Microsoft Australia’s Managing Director, Pip Marlow, refers to networks, mentoring and sponsorship as the first of her three-point strategy to improve gender diversity at work and women into executive positions.
“Let’s face it – we all know there aren’t nearly enough women in leadership positions in corporate Australia, despite a wealth of evidence that shows it makes good business sense.
Unfortunately, the change of pace is glacial, and I for one don’t want to have to explain to my daughters that they’ll be earning less and progressing more slowly just because of their gender. This lack of progress has me becoming even more passionate about playing a role in trying to get meaningful change faster. It has me asking what it is going to take, and for the first time, asking whether it is time for regulated quotas, something I never thought I’d want or need to do.
Thankfully, I believe that in most cases, the days of full-blown sexism are coming to an end, but unconscious bias is alive and well. By this I mean behaviours that maintain the status quo, and these are what we need to challenge.
Whether it’s accepting fishing from the same pond when recruiting, creating an environment that can exclude, such as when you allow early morning or late evening meetings to be scheduled without consultation or consideration or overlooking development plans for part-time employees, we all have a responsibility to call out and correct habits that may exclude women.
Rather than waiting for someone else to fix this, rather than waiting for regulation, we should take our destiny into our own hands. I’d like to invite business leaders around Australia to join me in implementing a three-point plan to get more talented women into executive positions.
It involves contributing at a personal, organisational and nationwide level.
Firstly, do what you can to develop the skills and networks of women around you. Become personally involved in mentoring and sponsoring women. If you’re attending a business event, ensure women you work with come too.
A commitment to change needs to come from the top, and if you think it sounds too hard, take a look at the Chief of Army’s remarkable efforts in driving change through a thoroughly male-dominated organisation.
Secondly, make gender diversity a priority for your organisation. At Microsoft, we’re not where we want to be yet, but we have clear targets as we aim for diversity and we relentlessly measure results and revise strategies.
We have targets for recruiting females and we ensure women are included on all interview panels and candidate pools – regardless of the position. But having a plan that you don’t hold people accountable for is a waste of time.
In the business world, we hold people accountable for growth targets, market share targets, product development targets, P&L targets – our teams are measured and rewarded for them. Diversity should be a business imperative and as important as our financial measures. It should be monitored, measured, reported and rewarded.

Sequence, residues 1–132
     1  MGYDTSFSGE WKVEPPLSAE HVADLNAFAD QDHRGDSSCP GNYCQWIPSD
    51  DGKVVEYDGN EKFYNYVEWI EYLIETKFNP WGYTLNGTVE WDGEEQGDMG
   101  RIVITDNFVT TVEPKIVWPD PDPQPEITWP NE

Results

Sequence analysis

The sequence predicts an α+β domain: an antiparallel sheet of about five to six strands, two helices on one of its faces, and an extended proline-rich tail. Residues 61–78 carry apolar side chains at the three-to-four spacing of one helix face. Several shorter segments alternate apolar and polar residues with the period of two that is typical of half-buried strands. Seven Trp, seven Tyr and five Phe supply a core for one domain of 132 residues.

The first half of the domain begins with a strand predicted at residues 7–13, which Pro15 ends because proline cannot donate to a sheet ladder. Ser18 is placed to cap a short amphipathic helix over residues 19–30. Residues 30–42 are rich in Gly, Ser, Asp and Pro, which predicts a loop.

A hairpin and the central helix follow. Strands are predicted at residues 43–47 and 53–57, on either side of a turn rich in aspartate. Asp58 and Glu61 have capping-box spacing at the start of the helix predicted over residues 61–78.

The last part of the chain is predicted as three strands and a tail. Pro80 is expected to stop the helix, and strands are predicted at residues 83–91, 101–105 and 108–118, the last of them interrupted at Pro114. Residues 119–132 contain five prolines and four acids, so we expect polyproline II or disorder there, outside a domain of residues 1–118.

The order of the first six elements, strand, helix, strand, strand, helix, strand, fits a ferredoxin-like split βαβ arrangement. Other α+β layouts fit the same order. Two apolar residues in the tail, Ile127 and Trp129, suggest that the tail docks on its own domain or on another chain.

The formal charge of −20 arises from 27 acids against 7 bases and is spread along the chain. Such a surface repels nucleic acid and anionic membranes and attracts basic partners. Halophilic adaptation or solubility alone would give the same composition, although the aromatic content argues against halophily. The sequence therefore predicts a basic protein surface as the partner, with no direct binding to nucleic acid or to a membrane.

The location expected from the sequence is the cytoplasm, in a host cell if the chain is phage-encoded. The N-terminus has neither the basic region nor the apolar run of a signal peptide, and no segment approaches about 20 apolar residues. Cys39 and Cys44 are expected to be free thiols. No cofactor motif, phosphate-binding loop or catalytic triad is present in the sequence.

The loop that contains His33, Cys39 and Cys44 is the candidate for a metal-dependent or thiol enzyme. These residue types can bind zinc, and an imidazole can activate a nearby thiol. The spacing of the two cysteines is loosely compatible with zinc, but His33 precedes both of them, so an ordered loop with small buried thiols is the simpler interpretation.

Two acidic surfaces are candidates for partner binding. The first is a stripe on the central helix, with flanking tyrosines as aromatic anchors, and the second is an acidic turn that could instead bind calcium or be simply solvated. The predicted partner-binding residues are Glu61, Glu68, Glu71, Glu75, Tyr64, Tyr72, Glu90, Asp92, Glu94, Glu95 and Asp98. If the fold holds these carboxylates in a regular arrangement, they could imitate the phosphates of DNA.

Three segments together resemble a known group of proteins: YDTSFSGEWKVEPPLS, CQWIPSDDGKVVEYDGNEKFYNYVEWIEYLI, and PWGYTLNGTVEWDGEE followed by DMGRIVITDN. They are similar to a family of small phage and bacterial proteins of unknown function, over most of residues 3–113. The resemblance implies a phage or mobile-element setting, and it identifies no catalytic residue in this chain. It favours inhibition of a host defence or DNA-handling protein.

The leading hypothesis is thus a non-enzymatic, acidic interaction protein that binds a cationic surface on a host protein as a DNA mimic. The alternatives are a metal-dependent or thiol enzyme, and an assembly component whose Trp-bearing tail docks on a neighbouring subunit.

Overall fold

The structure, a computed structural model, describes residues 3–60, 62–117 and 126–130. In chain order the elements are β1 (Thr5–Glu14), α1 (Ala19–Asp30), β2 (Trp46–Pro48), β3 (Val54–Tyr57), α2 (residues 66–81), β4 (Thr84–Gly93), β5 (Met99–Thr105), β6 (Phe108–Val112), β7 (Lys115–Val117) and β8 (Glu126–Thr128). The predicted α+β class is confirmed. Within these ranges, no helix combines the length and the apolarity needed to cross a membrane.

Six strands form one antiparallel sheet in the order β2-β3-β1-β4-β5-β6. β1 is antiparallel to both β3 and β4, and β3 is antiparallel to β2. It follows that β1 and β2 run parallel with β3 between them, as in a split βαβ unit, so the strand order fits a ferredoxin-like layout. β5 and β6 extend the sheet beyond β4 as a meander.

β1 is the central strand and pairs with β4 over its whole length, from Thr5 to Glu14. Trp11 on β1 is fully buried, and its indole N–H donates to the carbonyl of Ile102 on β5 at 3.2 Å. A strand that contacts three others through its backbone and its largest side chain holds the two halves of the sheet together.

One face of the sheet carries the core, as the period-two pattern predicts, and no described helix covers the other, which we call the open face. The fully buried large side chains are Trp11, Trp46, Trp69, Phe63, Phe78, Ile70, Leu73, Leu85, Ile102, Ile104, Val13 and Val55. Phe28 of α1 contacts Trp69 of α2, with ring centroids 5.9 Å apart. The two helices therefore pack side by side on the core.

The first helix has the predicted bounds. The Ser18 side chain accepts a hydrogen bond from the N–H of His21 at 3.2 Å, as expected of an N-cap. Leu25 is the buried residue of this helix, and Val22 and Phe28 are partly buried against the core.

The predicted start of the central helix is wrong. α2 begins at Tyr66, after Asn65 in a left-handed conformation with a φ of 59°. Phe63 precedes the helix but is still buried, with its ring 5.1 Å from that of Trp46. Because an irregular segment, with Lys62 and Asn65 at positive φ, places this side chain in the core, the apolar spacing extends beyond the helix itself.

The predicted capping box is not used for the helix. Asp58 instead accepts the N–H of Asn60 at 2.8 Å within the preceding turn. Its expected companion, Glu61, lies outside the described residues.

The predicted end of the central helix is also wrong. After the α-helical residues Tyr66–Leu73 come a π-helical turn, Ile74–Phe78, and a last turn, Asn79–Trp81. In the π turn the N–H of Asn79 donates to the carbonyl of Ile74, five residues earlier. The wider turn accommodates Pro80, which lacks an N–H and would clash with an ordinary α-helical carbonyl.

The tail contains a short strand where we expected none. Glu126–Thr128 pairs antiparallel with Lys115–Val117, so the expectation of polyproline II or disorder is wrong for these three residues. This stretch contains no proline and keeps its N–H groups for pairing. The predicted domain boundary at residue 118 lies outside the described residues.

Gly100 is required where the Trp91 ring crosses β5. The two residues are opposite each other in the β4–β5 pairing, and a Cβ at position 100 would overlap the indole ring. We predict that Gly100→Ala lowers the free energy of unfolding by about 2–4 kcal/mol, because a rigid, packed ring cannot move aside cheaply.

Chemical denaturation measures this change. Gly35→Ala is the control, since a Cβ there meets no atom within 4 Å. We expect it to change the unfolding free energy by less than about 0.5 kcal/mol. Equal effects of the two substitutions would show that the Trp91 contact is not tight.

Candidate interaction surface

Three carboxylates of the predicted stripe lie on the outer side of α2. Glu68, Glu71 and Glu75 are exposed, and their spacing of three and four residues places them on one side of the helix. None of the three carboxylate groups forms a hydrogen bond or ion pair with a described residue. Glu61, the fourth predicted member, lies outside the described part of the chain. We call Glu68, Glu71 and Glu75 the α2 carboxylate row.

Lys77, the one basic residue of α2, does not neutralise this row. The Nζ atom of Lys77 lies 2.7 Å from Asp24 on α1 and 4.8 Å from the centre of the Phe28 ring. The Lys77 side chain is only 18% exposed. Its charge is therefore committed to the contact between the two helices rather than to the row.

Focus on flexibility
Thirdly, we need to make flexible workplace arrangements the norm, not the exception. Why shouldn’t men and women, regardless of their parenting status, vary their start and finish times and actual place of work? We may just end up with happier, more loyal and productive employees across the board with the bonus being that nobody feels working mothers get “special treatment”.
I do recognise that some organisations, because of the nature of the work, are unable to offer workplace flexibility. However, today there are no technical reasons why most people need to work from the office.
If we can achieve that, the available talent pool also expands as those with conflicting commitments join the workforce.
But to do that, managers need to understand that they are better off having their eye on outcomes, not the clock. It shouldn’t matter where or when the job was completed as long as it was satisfactorily completed on time.
Which was what we found in 2012 when we implemented activity-based working – where I, like the rest of the organisation, unchained myself from a dedicated work space (an office or a cubicle) and became free to work from anywhere. At the time, more in hope than expectation, we handed back an entire floor, 20 per cent of our head office space, to the landlord.
The initiative has been so embraced that we are continuing to challenge ourselves to take the model to another level and at the end of last month, we handed back another floor.
Because we believe in flexibility, we don’t force people to work remotely, but now that people understand their work can align to a greater extent with their lifestyle, we have increased job satisfaction, productivity and retention rates, particularly among women, while becoming a more attractive employment option in a highly competitive market.
And just in case you think this gender equality activity is new to Microsoft and I’m just beating the drum because I am a female chief executive, it’s worth noting that during my two pregnancies – my daughters are now 12 and 10 – I applied for, and gained, promotions within Microsoft.
No one thought to say: “Well, she’ll be heading off on maternity leave soon, so count her out.” I like to think they looked at ability, not gender, which is the sort of view we should all be taking.
“A three-point plan to improve gender diversity in the workplace,” by Pip Marlow, MD, Microsoft Australia. Published in the AFR 4 March 2014.